Art & Spirituality, Coomaraswamy & Eckhart: Deep Ecumenism continued

Coomaraswamy recognizes in Eckhart a trait which he says is common to all true artists: “What is remarkable in him is  …a great energy or will that allows him to resume and concentrate in one consistent demonstration the spiritual being of Europe at its highest tension.”  He cites Eckhart how “what a painter gives out is in me…as the gift of God.”  

Piece entitled, “Childlike and Playful” by Richard Reich-Kuykendall who is an artist, author, and graduate of Matthew Fox’s University of Creation Spirituality.

Coomaraswamy feels that Buddhists and Hindus can understand Eckhart more readily than can Protestants or Western philosophers. “The real analogy between Eckhart’s modes of thought and those which have long been current in India should make it easy for the Vedantist or Mahayana Buddhist to understand him, which would require a much greater effort on the part of a Protestant Christian or modern philosopher.”  Why is this?  Because modern Western consciousness has left behind the sense of the whole, the mystical experience, and intuition. 

Coomaraswamy recognizes that Eckhart considers our lives to be works of art, and Eckhart uses aesthetic ideas and terms to convey theology and the Divine. (This is also true among indigenous peoples, who very often have no word for “art” but only for “beauty.”) 

Coomaraswamyconcludes his essay this way: Eckhart’s whole conception of human life in operation and attainment is aesthetic: it runs through all his thought that man is an artist in the analog of the ‘exalted workman,’ and his idea of ‘sovran good’ and ‘immutable delight’ is that of a perfected art. Art is religion, religion art, not related, but the same. No one can study theology without perceiving this….Eckhart is writing… sermons on the art of knowing God. 


Adapted from Matthew Fox, Meister Eckhart: A Mystic-Warrior for Our Times, pp. 159-161.

Banner Image: Artwork by M. C. Richards entitled, “Mother and Child”. Used with permission.

To read the transcript of Matthew Fox’s video teaching, click HERE.

Queries for Contemplation

Are you eager to know: “the art of knowing God”?  Isn’t that what true spirituality is about?  And authentic religion ought to be about?  What does it mean to you to hear that Easterners can grasp Eckhart more fully than Westerners?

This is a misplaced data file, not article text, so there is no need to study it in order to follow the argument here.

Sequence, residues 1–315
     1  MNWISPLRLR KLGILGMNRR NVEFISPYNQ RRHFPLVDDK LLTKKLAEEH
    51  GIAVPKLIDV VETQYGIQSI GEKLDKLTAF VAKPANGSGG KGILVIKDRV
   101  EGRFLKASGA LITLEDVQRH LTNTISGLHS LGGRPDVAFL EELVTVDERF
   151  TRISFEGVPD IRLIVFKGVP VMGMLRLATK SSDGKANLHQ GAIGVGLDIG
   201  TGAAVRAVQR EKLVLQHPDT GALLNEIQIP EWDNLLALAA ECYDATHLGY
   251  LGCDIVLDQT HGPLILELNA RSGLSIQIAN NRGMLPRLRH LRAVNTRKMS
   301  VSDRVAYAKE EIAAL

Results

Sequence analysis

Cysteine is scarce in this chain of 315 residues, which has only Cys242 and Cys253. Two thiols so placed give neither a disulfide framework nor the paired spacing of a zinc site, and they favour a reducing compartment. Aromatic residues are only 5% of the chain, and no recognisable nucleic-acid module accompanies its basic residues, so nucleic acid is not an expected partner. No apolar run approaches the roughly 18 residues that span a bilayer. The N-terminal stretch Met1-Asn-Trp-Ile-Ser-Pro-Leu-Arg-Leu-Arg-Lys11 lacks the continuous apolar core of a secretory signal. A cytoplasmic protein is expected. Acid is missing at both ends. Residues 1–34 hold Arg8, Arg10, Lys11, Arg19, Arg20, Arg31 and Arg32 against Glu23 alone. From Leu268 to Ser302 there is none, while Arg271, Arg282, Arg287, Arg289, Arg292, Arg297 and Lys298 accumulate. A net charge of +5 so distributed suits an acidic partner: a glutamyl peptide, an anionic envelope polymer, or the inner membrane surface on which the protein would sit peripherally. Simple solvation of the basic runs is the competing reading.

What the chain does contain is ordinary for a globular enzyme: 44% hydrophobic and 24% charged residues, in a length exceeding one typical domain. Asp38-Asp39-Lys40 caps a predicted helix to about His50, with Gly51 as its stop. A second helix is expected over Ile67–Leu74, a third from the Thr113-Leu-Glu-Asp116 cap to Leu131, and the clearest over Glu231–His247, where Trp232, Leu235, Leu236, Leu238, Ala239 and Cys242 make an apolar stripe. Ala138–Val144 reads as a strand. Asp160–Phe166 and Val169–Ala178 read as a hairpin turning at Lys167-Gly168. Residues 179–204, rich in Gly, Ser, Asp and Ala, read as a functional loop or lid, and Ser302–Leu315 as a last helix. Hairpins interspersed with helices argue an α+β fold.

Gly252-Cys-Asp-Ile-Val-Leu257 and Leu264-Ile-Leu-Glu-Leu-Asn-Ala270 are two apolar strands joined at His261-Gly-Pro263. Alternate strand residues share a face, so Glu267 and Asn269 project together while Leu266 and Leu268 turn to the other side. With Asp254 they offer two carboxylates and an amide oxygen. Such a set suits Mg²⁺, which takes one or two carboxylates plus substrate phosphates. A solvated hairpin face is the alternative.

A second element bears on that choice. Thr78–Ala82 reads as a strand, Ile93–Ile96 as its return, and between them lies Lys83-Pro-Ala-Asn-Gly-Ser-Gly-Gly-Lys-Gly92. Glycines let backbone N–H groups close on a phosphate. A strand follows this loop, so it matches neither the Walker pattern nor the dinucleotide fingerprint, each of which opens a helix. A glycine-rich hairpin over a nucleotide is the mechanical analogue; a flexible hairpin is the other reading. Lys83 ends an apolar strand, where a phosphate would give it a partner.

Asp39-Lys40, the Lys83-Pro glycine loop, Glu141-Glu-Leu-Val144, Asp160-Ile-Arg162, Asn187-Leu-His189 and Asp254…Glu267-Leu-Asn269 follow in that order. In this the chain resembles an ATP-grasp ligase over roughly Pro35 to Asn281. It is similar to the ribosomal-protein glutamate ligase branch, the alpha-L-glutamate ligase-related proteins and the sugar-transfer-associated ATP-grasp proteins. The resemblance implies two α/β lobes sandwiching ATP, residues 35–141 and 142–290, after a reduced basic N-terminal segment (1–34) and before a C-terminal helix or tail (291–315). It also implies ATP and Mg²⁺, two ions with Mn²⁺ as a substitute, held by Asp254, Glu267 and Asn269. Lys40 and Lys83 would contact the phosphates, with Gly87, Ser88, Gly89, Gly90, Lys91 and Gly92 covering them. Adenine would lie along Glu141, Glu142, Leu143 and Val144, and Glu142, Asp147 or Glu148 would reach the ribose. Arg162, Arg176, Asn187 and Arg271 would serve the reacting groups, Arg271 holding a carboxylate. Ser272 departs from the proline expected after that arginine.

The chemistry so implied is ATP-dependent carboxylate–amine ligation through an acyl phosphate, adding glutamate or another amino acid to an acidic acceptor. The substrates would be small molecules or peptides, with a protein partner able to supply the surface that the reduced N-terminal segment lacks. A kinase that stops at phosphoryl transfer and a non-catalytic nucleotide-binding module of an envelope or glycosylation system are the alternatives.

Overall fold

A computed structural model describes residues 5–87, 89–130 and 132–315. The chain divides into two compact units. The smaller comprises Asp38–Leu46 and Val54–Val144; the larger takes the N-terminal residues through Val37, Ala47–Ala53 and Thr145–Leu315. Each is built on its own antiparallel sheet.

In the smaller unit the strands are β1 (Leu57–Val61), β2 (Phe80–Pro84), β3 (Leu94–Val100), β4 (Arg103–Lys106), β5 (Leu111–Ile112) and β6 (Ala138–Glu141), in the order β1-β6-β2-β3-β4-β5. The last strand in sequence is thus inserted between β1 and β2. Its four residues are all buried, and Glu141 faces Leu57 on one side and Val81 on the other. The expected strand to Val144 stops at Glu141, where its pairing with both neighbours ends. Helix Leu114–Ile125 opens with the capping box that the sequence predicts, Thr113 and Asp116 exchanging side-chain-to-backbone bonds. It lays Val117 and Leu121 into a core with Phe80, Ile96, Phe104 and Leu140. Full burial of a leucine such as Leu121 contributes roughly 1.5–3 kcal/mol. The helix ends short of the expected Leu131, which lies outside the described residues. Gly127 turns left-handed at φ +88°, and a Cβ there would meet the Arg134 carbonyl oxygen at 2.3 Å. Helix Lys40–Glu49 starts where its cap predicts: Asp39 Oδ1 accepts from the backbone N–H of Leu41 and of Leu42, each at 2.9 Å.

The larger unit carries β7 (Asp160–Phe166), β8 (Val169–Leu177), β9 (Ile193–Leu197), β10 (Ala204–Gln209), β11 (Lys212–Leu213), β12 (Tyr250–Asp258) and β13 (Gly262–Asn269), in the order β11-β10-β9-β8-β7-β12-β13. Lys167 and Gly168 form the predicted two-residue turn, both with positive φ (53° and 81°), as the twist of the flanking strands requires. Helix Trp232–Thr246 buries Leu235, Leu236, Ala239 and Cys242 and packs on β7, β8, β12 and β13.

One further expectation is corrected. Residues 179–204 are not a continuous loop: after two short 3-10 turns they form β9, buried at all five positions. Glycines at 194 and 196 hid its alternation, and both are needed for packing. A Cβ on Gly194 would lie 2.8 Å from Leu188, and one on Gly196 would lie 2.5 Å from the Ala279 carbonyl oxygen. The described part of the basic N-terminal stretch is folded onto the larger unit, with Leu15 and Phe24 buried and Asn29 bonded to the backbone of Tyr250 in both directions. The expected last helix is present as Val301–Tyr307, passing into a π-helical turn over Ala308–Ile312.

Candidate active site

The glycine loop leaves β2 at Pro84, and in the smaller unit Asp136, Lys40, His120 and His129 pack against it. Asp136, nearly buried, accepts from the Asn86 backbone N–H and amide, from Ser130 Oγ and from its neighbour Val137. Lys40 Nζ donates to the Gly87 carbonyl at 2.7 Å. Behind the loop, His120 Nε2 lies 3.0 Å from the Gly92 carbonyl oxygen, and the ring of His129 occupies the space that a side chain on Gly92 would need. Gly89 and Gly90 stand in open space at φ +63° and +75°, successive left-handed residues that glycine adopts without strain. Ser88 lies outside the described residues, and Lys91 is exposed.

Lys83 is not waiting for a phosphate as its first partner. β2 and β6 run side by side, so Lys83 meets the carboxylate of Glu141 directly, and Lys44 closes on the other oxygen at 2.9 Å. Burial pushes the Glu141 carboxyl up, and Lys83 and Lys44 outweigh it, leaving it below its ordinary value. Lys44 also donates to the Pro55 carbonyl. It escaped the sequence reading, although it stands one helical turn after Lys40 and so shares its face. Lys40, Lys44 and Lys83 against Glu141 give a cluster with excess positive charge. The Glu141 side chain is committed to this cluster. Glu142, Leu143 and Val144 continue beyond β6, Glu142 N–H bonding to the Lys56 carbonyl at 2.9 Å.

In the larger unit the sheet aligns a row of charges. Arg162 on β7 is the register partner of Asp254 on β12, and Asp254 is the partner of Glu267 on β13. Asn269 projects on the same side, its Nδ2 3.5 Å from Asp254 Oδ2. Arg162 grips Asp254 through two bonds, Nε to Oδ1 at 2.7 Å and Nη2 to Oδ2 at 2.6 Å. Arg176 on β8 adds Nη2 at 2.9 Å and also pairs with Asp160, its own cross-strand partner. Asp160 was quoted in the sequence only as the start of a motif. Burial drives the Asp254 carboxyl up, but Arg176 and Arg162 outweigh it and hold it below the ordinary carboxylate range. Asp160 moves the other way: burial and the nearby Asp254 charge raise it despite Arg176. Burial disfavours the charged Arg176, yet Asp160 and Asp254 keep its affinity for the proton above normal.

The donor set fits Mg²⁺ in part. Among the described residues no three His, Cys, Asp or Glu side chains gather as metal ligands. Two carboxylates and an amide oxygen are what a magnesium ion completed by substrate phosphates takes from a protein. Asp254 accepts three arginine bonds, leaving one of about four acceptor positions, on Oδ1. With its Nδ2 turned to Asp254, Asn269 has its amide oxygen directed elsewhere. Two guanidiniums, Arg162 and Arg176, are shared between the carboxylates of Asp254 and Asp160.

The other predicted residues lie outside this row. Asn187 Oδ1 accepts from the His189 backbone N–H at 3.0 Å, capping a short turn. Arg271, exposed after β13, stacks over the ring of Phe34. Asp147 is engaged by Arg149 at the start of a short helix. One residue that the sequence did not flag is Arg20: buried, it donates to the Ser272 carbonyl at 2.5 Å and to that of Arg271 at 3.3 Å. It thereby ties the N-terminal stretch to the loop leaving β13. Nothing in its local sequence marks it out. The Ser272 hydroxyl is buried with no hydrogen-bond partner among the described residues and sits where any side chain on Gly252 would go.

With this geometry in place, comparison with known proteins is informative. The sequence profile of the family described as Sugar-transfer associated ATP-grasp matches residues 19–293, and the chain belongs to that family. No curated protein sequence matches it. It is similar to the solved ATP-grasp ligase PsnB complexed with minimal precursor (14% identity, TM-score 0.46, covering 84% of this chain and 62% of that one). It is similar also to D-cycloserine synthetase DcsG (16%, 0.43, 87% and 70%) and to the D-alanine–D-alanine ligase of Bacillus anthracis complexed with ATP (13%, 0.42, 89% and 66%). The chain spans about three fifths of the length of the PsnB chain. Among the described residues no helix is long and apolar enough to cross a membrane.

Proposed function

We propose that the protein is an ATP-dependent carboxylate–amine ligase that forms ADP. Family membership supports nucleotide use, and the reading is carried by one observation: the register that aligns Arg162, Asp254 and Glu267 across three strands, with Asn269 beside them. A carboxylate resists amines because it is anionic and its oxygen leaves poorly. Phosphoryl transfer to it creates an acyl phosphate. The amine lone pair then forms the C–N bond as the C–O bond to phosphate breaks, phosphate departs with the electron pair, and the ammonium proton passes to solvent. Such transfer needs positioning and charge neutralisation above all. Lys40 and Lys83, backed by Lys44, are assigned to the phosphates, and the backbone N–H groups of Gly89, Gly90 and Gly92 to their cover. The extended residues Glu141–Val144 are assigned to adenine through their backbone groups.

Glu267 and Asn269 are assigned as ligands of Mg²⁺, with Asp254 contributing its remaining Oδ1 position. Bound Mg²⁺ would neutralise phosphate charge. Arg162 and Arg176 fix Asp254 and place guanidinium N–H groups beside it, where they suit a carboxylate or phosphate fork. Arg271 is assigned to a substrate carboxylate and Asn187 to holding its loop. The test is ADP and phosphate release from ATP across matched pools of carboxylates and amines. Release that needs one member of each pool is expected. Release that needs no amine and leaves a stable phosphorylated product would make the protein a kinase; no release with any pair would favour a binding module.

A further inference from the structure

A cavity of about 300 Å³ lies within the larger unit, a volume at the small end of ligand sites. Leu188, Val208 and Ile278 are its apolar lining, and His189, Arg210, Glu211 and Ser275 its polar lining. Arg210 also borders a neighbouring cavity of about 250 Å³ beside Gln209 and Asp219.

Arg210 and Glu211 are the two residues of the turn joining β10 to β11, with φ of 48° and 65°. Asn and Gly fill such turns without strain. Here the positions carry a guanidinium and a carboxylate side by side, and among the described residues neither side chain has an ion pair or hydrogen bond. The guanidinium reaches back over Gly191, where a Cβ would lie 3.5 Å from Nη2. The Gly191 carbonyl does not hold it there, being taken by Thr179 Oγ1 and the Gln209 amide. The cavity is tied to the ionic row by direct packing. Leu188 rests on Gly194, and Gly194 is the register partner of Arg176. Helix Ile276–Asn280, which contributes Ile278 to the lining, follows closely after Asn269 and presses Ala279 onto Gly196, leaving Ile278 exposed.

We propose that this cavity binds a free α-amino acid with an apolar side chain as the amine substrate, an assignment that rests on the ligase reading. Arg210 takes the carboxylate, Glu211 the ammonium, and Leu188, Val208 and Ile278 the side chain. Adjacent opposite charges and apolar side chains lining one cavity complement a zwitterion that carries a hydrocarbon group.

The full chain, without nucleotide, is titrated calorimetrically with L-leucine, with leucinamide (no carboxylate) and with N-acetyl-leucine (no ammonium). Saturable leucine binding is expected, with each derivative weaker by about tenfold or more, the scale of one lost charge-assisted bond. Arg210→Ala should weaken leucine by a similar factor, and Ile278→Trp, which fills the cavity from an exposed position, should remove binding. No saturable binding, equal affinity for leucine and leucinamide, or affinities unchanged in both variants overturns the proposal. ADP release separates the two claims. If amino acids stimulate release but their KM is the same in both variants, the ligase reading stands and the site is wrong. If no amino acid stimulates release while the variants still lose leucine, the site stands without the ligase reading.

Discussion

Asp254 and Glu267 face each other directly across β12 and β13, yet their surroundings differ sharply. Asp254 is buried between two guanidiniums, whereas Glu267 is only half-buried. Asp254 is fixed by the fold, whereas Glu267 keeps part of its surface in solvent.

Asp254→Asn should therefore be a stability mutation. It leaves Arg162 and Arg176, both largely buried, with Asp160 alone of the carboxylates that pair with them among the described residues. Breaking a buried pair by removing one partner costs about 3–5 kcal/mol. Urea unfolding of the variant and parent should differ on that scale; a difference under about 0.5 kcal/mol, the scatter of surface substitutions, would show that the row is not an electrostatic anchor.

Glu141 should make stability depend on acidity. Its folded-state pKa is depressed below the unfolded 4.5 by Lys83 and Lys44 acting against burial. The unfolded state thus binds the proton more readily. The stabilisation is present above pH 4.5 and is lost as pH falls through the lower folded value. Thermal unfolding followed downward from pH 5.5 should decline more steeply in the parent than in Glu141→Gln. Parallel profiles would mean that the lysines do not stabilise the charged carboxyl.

Recommended Reading

Meister Eckhart: A Mystic-Warrior For Our Time

While Matthew Fox recognizes that Meister Eckhart has influenced thinkers throughout history, he also wants to introduce Eckhart to today’s activists addressing contemporary crises. Toward that end, Fox creates dialogues between Eckhart and Carl Jung, Thich Nhat Hanh, Rabbi Heschel, Black Elk, Karl Marx, Rumi, Adrienne Rich, Dorothee Soelle, David Korten, Anita Roddick, Lily Yeh, M.C. Richards, and many others.
“Matthew Fox is perhaps the greatest writer on Meister Eckhart that has ever existed. (He) has successfully bridged a gap between Eckhart as a shamanistic personality and Eckhart as a post-modern mentor to the Inter-faith movement, to reveal just how cosmic Eckhart really is, and how remarkably relevant to today’s religious crisis! ” — Steven Herrmann, Author of Spiritual Democracy: The Wisdom of Early American Visionaries for the Journey Forward

A New Reformation: Creation Spirituality & The Transformation of Christianity

A modern-day theologian’s call for the radical transformation of Christianity that will allow us to move once again from the hollow trappings of organized religion to genuine spirituality. A New Reformation echoes the Reformation initiated by Martin Luther in 1517 and offers a new vision of Christianity that values the Earth, honors the feminine, and respects science and deep ecumenism.
“This is a deep and forceful book….With prophetic insight, Matthew Fox reveals what has corrupted religion in the West and the therapy for its healing.” ~Bruce Chilton, author of Rabbi Jesus: An Intimate Biography

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7 thoughts on “Art & Spirituality, Coomaraswamy & Eckhart: Deep Ecumenism continued”

  1. Avatar